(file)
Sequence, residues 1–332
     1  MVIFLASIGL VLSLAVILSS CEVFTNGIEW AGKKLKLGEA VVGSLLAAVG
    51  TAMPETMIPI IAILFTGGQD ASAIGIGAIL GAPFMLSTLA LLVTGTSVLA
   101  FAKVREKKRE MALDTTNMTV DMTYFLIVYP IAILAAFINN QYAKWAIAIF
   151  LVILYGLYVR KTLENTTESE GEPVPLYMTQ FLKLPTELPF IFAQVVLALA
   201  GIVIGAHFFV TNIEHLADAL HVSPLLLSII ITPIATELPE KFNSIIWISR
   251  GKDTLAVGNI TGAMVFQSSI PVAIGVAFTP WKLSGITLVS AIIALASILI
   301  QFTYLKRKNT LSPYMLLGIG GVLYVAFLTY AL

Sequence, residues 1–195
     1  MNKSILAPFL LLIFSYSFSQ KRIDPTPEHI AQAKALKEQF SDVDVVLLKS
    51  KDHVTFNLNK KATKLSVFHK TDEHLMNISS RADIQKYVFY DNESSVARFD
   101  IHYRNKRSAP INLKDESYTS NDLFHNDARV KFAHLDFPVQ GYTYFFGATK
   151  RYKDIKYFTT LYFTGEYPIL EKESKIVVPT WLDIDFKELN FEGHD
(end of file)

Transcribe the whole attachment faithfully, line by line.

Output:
Sequence, residues 1–332
     1  MVIFLASIGL VLSLAVILSS CEVFTNGIEW AGKKLKLGEA VVGSLLAAVG
    51  TAMPETMIPI IAILFTGGQD ASAIGIGAIL GAPFMLSTLA LLVTGTSVLA
   101  FAKVREKKRE MALDTTNMTV DMTYFLIVYP IAILAAFINN QYAKWAIAIF
   151  LVILYGLYVR KTLENTTESE GEPVPLYMTQ FLKLPTELPF IFAQVVLALA
   201  GIVIGAHFFV TNIEHLADAL HVSPLLLSII ITPIATELPE KFNSIIWISR
   251  GKDTLAVGNI TGAMVFQSSI PVAIGVAFTP WKLSGITLVS AIIALASILI
   301  QFTYLKRKNT LSPYMLLGIG GVLYVAFLTY AL

Sequence, residues 1–195
     1  MNKSILAPFL LLIFSYSFSQ KRIDPTPEHI AQAKALKEQF SDVDVVLLKS
    51  KDHVTFNLNK KATKLSVFHK TDEHLMNISS RADIQKYVFY DNESSVARFD
   101  IHYRNKRSAP INLKDESYTS NDLFHNDARV KFAHLDFPVQ GYTYFFGATK
   151  RYKDIKYFTT LYFTGEYPIL EKESKIVVPT WLDIDFKELN FEGHD